As a publicly elected school trustee, and therefore part of the negotiations between the BCTF and the BCPSEA (which represents all school boards in the province) I have watched the ongoing stalemate with dismay.
As boards, we are bound by the edicts of the provincial government and find ourselves with our hands tied during negotiations. Therefore the entire process must be reevaluated, and I would suggest that the provincial government should take over provincial bargaining as invariably it steps in to either impose or negotiate an agreement with teachers.
Originally, I felt that mediation might finally solve the differences between the BCTF and the government and when the government announced its intention to appoint a mediator in the dispute I felt somewhat optimistic that the end might be in sight. However, as the saga continued, I began to lose hope that a solution was on the horizon.
The first stipulation was that the mediator would have to work within the government’s net-zero rule and the second was that the mediator’s recommendations would not be binding. So, one asked, what really was the point?
Then we learn that the mediator appointed by the government says, “One would have to question the wisdom of the government in appointing someone like me.” He then states that he felt he was given a “mission impossible”.
This hardly instills any degree of confidence that this process is worth the time and money that will be spent over the next few months. $2,000 a day seems a large amount to pay someone who doesn’t even think they are suitable for the job at hand, and doesn’t believe that the job they are being paid for is a viable project.
Also, it has come to light that the mediator was somehow involved in the drafting of Bill 22 (the back to work legislation). This hardly looks like an independent, unbiased mediator to me.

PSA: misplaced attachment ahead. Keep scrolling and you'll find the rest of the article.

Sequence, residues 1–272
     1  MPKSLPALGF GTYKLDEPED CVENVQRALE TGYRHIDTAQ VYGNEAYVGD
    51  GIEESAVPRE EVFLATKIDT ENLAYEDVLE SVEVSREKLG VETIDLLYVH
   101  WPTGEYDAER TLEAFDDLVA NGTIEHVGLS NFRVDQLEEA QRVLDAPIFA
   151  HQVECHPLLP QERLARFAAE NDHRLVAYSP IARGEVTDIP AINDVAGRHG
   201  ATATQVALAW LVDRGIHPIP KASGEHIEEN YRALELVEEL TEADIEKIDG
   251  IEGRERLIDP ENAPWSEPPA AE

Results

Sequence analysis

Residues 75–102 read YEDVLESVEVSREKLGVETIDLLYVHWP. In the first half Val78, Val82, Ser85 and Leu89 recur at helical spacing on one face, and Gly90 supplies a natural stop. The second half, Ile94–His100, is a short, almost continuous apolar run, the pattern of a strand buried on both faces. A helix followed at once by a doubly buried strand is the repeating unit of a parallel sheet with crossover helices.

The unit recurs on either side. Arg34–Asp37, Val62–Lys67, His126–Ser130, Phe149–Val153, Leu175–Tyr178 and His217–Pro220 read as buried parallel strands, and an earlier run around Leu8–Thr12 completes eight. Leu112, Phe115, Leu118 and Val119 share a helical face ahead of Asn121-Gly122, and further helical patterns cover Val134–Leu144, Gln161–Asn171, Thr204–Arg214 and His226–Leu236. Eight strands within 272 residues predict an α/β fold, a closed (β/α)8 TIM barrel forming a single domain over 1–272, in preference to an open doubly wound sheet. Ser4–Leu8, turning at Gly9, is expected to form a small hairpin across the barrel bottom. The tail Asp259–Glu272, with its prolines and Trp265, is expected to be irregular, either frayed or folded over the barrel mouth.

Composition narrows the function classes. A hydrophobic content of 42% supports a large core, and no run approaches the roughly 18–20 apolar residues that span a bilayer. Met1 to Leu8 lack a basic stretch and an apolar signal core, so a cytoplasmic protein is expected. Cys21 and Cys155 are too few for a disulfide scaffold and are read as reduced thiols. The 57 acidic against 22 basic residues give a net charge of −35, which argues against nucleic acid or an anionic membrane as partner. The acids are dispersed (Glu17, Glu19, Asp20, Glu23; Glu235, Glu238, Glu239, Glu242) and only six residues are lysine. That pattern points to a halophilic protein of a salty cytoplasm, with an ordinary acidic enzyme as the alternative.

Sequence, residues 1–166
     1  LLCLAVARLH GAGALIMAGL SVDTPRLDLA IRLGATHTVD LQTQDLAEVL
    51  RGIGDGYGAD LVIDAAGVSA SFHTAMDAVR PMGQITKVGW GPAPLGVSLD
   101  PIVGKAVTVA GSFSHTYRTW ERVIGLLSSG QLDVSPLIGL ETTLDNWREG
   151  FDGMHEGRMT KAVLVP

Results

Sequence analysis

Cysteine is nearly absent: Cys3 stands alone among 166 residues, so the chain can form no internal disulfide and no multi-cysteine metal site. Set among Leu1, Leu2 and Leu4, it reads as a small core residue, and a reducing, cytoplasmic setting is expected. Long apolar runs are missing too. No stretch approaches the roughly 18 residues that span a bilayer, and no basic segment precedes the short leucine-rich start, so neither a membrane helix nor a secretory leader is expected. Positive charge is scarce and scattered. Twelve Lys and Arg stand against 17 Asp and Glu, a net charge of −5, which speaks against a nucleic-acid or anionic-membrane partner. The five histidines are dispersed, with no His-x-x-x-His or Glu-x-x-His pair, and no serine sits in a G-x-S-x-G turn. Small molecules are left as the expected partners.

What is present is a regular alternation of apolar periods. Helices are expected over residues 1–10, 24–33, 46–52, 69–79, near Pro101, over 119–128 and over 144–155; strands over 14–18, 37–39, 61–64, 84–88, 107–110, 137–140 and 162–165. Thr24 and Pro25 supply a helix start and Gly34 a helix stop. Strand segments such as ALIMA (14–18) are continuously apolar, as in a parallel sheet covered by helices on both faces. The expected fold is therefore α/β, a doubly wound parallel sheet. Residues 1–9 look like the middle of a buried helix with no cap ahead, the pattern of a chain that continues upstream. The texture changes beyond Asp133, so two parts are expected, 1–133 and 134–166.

At Wednesday’s board meeting (April 11), I brought forward a motion that the board write to the premier and the Ministry of Education expressing its concern regarding the controversy regarding the appointment of the mediator. My motion was supported.
Here in the Central Okanagan the education of our public school students has continued with little obvious disruption. Teachers have continued to provide excellent programs and support to students; our management staff have stepped in to cover student supervision before and after school (which now is once again being provided by teachers); and trustees have continued with their work in the school district.
Visits to schools and discussions with parents have shown that at the local level there is a great deal of confidence in our public education system.
While some of the planned discussions on school catchment areas, the district facility plan and French Immersion have had to be put on hold because of the extra work senior staff have encountered during the job action, we hope to get to those issues in the fall.
In the meantime, board and committee meetings continue, with the budget discussions for 2012- 2013 being front and foremost right now.
Recently, trustees have attended meetings with West Kelowna Council, Westbank First Nation and Kelowna City Council, to discuss issues of mutual concern and interest. These meetings are important, as we work together in the best interests of all our students.
Feel free to call or email me with any questions or concerns.Please note my new email address. Moyra.Baxter@sd23.bc.ca
The views and opinions expressed in this article are mine and do not necessarily reflect the official position of the Central Okanagan Board of Education.